August 7, 2010Posted by on
Has your Romanian friend been somewhat distant of late? Don’t worry, it’s got nothing to do with you. (S)He has just been preoccupied – engaged in a multi-headed monster debate that has been raging across the nation.
Apparently, in its infinite wisdom, the Romanian tourism ministry has attempted to Read more of this post
September 29, 2008Posted by on
I’ve been told that hitchhiking is pretty common in Maramureș (this region), so on the road towards Sighetu Marmației I thumb down a navy-blue BMW transporting two young guys to Sighet. They can’t speak much English (or other foreign languages, for that matter), but I am able to discern that they are big fans of Read more of this post
September 28, 2008Posted by on
At the autogara, it is easy to find my bus, for it is the only one around. By the door of the bus, we meet a gentleman headed to Sighet, where he works though he resides in Piatra Neamț. He is a government servant who spends a couple of weeks at work, and then a week off at home. We chat a bit and board the bus when the driver arrives.
The bus snakes along the mountains lining River Bistrița through some scenic beauty Read more of this post
September 27, 2008Posted by on
As Explorish had guessed and warned against, I wake up at every stop of the train. At one such stop, I open my eyes and look outside to check which station it is, but don’t see any indication of a name anywhere. There’s no one around that I can ask.
As I am still rubbing my eyes, searching for a name, the train starts to crawl. A clock at the station says it is 1.30am. Bacău! This is where I was supposed to get down. Should I „pull the chain to stop the train” and get down? Neaah…then I’d have to wait at the station till 4.30 or so. Instead, I should go to the next station, and take the train back here, for trains are cozier than the stations.
It takes almost an hour to reach the next station, Adjud, which suits me fine as my train from Bacău is at 4.30 anyway. Asking around at the station, I discover that the next train to Bacău is at 3.30, which is cutting it a little bit too close since it is about an hour’s journey. It doesn’t matter now – the deed is done.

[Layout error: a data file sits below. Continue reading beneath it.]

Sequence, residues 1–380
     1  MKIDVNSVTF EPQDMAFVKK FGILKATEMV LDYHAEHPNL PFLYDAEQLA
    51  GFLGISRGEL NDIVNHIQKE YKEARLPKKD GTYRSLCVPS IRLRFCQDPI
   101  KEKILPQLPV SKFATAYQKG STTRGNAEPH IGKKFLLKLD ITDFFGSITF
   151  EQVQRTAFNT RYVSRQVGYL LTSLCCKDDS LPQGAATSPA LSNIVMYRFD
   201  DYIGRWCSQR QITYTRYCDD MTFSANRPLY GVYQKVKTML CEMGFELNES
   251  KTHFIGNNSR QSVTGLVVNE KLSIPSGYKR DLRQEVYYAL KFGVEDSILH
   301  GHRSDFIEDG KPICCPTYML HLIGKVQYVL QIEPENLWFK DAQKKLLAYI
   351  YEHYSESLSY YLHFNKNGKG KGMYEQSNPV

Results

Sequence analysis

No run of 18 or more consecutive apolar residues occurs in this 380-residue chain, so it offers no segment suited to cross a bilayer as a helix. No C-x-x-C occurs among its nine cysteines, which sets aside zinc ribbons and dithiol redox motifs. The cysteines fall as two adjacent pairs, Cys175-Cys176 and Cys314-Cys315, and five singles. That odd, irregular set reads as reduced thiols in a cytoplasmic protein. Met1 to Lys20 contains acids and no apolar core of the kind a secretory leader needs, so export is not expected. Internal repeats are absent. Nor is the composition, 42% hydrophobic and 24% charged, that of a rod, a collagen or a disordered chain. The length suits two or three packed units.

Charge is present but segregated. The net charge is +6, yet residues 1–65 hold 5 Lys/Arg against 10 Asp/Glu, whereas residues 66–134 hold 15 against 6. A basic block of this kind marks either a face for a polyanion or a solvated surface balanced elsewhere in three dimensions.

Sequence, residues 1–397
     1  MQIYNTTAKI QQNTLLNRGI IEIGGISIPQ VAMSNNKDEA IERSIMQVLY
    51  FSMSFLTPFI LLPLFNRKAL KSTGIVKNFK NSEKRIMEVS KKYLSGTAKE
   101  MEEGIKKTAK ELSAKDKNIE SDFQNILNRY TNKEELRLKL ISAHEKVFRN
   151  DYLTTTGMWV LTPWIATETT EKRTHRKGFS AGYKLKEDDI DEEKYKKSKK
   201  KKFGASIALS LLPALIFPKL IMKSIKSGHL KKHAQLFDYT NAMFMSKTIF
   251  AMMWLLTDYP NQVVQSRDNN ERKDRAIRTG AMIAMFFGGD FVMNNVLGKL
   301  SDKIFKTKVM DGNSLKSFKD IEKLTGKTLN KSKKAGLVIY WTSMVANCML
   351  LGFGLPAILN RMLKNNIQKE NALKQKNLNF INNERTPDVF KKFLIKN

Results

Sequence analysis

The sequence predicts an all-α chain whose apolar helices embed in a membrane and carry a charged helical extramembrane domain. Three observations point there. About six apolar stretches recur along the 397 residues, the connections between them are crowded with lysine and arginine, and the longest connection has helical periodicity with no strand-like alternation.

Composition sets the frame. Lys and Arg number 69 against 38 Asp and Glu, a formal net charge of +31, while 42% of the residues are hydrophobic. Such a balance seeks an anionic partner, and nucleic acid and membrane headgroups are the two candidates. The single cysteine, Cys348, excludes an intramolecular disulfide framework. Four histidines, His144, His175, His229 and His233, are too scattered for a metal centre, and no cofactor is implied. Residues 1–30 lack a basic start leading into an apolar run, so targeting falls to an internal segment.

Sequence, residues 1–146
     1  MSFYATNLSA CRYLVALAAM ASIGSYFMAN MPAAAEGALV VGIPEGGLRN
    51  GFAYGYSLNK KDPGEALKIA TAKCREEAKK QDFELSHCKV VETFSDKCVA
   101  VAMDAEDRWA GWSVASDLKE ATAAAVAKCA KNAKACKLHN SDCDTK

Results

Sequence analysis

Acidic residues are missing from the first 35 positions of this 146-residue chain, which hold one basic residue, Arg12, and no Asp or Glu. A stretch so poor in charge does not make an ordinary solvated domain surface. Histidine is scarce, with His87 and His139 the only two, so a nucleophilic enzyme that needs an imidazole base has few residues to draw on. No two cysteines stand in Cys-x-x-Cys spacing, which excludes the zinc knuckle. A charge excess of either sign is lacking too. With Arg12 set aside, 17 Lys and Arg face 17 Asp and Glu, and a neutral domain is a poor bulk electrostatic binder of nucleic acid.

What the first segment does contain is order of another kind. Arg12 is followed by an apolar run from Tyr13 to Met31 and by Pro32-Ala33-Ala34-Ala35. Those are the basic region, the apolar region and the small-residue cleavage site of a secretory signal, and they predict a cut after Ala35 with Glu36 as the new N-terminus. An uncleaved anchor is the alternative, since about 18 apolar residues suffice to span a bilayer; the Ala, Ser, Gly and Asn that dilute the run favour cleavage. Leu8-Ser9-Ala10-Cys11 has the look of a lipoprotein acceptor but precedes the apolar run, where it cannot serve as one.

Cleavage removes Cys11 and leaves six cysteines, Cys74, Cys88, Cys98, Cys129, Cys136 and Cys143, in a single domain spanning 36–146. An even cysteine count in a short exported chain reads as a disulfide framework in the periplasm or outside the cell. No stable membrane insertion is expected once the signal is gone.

There is a sandwich shop open but they have no vegetarian food. Outside on the platform there is a bar-cum-game-saloon where I find a packet of potato wafers and pear nectar. The wind is cool and nice and I enjoy walking on the platform, which is deserted except for a stray dog sleeping in a dark corner.
My train arrives at its due time, and delivers me to Bacău in one hour. Unfortunately, I have missed the connection literally by seconds – I can see its tail rolling out of the station. The next train is at 9am. So I walk out of the gara and to the nearby autogara and minibus station. Nothing goes to Piatra Neamț. Read more of this post
September 26, 2008Posted by on
The train arrives in Suceava after sundown. I walk out of the station right into a „non stop”. The lady selling me the bottle of water has no clue where Mihai Eminescu street is, or for that matter, where Nicolae Balcescu street is, but she asks a supposedly more knowledgeable customer to help. He doesn’t know either, but thankfully I have a printout of the High Class Hostel’s webpage, which includes a small sketch-map.
„Aaaa!”, he points to the McDonald’s on the sheet of paper I have proffered „Centru!”
I am a bit taken by the prominence that was seemingly just accorded to McDonald’s, but ask where I could get a bus to get to the town centre. The bus stop is right by the side of the shop, though he doesn’t know which bus goes to the centre. At the bus stop, it turns out that all roads lead to Rome, and as luck would have it, there is a bus currently parked and boarding. Excellent! But I am still a little lost – from where do I buy a ticket, I ask the folks in what looks like a transport office? It is given in the bus itself.
The girl selling the tickets is nice and promises to tell me when to get down. And she keeps her word even though I doze off in the admittedly very short trip. The map on the hostel webpage could be better, but it isn’t too hard to find the place.
My hostess Monica is perky and welcoming. She shows me around the neat and cozy little place. My bed is in the smaller room, which is Read more of this post
September 24, 2008Posted by on